Jose Vu - 10 months ago 44

Python Question

I just switched to Python from Matlab, and I want to use lambda function to map function

`f1(x,y)`

`f2(x)`

I want that when I map the function

`f2(x) <- f1(x,y=y1)`

`y`

`y1`

`>>> def f1(x,y):`

>>> return (x+y)

>>> y1 = 2

>>> f2 = lambda x: f1(x,y1)

>>> f2(1)

3

I expect

`f2(1)`

`3`

`y1`

`y1`

`f1(1)`

`>>> y1 = 5`

>>> f2(1)

6

I wonder is there a way that when I declare

`f2 = lambda x: f1(x,y1)`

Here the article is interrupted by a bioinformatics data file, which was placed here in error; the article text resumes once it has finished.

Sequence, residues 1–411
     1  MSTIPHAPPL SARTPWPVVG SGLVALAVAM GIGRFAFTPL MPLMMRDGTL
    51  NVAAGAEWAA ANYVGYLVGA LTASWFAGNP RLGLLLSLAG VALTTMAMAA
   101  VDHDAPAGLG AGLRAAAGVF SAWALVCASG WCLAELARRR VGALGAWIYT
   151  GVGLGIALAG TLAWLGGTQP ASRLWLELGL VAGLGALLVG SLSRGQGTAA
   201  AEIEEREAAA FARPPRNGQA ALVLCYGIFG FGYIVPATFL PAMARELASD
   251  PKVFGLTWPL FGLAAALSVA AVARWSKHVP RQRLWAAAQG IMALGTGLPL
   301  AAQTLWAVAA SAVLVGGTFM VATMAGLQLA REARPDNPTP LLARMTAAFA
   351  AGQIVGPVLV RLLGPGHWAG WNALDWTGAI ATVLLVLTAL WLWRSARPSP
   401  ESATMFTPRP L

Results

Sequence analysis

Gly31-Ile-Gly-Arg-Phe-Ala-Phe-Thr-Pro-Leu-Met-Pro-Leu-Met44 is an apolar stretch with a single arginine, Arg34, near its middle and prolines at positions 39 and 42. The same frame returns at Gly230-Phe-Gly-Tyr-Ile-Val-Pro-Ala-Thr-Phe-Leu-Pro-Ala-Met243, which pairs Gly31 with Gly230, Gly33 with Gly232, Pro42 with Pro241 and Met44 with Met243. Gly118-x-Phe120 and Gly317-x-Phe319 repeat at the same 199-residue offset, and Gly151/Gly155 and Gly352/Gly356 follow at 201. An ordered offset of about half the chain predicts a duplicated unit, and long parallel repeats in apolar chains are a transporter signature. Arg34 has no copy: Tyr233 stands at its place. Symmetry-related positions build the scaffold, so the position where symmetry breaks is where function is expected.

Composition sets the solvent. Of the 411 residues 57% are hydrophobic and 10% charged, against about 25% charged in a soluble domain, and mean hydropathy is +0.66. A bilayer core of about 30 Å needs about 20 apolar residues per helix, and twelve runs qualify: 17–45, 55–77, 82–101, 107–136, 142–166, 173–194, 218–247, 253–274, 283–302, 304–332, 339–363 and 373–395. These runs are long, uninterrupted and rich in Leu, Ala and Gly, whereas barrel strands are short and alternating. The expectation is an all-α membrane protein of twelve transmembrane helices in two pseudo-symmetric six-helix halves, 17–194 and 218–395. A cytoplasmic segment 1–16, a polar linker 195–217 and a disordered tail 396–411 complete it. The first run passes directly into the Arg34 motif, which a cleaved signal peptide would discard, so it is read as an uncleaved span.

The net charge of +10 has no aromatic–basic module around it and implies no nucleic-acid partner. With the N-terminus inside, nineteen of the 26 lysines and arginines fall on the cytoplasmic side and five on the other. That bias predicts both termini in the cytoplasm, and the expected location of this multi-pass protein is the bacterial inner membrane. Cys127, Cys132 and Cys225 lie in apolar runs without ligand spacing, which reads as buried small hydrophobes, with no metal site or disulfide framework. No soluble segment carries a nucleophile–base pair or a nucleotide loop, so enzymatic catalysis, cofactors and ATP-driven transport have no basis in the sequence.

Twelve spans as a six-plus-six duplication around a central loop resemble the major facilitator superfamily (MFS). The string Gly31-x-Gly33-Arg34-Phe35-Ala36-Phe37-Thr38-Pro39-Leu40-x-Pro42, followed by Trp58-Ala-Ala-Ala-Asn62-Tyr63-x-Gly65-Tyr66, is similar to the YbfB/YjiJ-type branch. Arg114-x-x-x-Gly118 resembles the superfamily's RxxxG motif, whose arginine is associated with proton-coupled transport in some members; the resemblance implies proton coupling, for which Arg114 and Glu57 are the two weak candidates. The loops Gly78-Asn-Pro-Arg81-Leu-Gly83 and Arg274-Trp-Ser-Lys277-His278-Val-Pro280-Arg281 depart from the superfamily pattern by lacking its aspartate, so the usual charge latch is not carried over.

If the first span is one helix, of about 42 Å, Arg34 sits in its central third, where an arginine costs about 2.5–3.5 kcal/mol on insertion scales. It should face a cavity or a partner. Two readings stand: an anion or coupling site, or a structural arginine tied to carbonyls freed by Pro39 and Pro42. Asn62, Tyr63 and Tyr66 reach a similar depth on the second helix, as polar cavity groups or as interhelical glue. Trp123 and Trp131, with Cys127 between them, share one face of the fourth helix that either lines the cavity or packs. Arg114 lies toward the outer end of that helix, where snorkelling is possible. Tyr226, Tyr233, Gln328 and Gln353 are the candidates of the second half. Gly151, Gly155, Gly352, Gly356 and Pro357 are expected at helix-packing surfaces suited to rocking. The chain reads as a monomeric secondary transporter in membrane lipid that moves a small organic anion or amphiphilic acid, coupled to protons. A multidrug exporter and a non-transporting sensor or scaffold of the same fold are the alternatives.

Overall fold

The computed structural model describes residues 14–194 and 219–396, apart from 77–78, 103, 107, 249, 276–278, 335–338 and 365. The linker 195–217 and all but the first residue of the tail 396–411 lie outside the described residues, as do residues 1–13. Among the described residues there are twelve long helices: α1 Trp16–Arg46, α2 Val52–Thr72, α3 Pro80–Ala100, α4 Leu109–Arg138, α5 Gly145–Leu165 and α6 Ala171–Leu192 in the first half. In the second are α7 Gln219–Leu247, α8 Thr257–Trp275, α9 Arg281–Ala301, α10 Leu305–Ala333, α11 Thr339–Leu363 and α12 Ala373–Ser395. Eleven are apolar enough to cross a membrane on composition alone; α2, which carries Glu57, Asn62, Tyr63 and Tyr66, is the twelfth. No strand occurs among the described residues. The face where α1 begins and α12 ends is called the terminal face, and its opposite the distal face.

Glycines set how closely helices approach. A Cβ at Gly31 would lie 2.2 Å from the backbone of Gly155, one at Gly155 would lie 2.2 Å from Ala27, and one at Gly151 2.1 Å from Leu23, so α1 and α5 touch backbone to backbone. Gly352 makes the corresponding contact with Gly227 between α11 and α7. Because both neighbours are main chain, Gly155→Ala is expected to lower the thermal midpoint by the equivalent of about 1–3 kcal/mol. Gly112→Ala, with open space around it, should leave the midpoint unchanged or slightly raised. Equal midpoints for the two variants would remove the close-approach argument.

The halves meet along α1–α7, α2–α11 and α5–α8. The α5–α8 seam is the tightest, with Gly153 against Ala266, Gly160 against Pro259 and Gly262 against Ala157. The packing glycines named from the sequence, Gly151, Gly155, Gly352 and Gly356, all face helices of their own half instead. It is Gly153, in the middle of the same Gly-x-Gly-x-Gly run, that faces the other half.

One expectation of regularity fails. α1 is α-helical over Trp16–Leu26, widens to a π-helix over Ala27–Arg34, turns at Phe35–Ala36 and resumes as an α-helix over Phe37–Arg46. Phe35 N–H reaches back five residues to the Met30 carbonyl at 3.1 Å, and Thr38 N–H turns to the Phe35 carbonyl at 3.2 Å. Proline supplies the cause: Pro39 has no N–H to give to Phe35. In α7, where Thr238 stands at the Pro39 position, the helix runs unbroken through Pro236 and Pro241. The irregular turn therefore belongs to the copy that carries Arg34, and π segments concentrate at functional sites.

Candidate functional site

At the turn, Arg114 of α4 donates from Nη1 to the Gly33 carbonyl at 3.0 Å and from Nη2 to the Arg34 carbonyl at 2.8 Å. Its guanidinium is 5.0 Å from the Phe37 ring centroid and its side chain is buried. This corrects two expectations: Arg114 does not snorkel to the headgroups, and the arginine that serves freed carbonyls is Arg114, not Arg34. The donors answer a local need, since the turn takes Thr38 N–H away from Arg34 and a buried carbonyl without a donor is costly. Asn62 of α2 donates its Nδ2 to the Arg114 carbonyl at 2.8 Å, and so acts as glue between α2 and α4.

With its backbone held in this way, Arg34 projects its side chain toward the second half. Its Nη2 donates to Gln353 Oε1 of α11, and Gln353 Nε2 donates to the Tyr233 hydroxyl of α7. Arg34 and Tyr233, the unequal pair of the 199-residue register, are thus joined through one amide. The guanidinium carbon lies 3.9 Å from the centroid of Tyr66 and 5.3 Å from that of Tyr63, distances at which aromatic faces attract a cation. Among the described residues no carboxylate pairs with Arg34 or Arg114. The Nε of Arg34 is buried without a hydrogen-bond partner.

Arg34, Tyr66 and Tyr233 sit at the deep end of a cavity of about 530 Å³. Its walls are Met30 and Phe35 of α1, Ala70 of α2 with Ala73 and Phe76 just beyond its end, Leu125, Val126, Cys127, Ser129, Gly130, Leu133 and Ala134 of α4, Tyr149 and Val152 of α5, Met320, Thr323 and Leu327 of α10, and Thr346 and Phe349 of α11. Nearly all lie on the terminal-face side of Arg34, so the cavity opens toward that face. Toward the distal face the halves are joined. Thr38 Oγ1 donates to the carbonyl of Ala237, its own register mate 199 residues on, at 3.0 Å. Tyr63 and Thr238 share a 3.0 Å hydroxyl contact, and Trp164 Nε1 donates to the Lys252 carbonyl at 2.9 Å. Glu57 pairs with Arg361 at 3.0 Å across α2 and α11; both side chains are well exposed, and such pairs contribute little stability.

`f1`

`y1`

`f2`

I'm still new to Python, please help, much appreciate.

Answer

Try:

```
f2 = lambda x, y=y1: f1(x,y)
```

Your issue has to do with how closures work in Python

Your version of the lambda function will use the current version of `y1`

. You need to *capture* the value of `y1`

on the line where you've defined the lambda function. To do that, you can define it as the default value of a parameter (the `y=y1`

part).

Source (Stackoverflow)